Too bad Creature Feature was last year’s Summer Reading theme
One book I always take booktalking is Man Eating Bugs: The Art and Science of Eating Insects by Peter Menzel and Faith D’Aluisio. And I now have more facts to talk about, thanks to this National Geographic news article.
Cicadas spend most of their lives underground sucking sap from tree roots. The plant-based diet gives them a green, asparagus-like flavor, especially when eaten raw or boiled, according to Kritsky.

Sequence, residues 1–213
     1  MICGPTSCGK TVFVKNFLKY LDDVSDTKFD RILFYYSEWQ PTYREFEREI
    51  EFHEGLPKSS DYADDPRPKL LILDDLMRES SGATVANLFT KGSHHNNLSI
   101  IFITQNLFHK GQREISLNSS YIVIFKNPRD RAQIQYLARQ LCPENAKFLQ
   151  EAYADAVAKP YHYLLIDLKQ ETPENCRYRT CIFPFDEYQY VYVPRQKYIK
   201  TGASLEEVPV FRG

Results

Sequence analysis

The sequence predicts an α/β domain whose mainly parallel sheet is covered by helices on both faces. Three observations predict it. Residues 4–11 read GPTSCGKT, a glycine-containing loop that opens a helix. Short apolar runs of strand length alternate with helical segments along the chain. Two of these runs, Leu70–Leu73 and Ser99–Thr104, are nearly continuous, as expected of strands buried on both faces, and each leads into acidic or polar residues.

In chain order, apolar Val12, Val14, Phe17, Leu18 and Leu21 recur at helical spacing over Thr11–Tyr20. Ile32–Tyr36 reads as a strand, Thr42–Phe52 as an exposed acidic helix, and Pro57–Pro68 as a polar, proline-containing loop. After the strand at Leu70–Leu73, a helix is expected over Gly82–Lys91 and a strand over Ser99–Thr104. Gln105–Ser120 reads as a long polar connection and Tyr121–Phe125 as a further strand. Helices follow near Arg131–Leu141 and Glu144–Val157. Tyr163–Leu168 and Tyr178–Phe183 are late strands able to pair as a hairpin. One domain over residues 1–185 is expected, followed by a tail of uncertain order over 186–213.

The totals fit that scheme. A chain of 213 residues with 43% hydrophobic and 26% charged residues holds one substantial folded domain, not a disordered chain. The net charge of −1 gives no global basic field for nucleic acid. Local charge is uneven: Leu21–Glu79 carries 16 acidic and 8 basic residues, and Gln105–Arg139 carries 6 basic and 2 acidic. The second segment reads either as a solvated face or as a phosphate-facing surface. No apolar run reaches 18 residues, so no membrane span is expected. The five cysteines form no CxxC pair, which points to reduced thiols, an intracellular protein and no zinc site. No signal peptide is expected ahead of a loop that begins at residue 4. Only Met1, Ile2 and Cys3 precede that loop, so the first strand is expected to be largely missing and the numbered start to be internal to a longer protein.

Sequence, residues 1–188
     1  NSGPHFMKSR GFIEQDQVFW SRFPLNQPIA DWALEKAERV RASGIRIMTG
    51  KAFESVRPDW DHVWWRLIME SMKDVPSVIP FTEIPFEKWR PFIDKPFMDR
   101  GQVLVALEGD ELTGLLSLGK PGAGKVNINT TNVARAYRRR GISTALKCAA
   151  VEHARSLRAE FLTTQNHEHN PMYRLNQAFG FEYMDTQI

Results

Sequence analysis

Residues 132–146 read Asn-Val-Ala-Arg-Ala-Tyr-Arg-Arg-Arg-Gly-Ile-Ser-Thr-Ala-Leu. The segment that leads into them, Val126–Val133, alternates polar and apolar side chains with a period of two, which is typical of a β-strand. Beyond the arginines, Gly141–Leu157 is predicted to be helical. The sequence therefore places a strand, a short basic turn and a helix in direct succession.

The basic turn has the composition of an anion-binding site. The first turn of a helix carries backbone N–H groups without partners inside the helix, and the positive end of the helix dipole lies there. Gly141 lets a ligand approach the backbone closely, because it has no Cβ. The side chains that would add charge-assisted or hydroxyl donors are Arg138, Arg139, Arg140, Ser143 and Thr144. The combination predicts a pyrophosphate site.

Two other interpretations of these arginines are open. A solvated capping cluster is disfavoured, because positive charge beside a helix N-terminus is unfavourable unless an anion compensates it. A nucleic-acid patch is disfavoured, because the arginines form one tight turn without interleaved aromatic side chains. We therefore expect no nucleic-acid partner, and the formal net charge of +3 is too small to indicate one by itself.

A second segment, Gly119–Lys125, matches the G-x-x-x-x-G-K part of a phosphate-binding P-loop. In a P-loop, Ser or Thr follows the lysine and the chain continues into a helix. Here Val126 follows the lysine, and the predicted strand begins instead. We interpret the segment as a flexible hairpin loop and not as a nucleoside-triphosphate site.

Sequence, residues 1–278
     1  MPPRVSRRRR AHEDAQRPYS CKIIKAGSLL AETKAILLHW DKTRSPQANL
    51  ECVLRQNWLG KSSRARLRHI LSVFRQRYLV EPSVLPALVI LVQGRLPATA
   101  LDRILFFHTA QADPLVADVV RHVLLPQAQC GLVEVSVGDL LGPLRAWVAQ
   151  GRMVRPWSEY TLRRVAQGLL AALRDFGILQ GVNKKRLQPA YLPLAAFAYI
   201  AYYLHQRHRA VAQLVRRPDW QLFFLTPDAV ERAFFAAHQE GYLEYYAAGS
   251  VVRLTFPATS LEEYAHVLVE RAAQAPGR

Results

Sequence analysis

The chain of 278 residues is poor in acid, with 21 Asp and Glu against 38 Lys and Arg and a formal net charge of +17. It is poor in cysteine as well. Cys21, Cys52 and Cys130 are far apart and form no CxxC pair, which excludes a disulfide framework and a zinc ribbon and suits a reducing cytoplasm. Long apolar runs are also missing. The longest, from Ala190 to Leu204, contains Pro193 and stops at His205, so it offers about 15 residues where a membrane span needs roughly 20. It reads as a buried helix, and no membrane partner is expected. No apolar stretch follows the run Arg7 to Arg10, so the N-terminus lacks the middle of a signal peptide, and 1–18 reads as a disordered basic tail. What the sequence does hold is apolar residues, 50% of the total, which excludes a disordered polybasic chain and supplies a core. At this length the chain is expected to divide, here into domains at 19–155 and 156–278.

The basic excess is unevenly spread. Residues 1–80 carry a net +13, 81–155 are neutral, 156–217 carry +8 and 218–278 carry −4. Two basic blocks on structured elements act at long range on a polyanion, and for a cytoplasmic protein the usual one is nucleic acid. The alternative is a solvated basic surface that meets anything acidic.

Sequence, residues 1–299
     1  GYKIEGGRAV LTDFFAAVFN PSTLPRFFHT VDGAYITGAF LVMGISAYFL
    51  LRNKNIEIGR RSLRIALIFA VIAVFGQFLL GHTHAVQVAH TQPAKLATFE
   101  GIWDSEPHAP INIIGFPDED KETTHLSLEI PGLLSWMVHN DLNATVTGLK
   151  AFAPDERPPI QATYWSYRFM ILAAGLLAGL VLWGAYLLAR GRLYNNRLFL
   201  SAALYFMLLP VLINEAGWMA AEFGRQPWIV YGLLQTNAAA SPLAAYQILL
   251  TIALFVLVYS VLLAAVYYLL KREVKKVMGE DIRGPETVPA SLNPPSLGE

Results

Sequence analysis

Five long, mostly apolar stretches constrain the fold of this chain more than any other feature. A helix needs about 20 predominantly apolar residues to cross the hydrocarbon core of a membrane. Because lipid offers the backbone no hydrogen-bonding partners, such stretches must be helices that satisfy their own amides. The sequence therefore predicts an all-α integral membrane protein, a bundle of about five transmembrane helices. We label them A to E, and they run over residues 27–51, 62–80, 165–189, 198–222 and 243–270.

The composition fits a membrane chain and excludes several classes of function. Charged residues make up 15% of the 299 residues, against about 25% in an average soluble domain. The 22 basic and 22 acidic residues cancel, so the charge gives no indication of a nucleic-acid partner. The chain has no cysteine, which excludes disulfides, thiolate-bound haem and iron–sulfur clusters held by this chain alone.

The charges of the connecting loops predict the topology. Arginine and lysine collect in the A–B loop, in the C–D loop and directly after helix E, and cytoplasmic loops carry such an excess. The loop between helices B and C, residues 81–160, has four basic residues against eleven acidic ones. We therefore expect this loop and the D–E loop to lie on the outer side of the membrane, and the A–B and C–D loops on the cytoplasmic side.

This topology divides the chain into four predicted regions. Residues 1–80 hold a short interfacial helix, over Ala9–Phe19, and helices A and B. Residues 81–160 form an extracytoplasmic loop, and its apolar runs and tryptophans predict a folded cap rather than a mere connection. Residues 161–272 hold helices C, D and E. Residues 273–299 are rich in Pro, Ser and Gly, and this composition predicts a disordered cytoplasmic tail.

For those interested in collecting and preparing cicadas on their own,
The insects are best eaten just after the nymphs break open their skins but before their exoskeletons turn black and hard, cicada aficionados say. These newly hatched cicadas are called tenerals.
Jadin said they are best collected in the early morning hours, just after the insects emerge from the ground but before they crawl up trees, where they are harder to reach.
If tenerals are unavailable, the next best menu item is adult females-their bellies are fat and full of nutritious eggs.
So says this article by John Roach (now there’s a fitting name for the author of an article about bugs), “Cicadas as Food: Summer’s Low-Fat Snack?”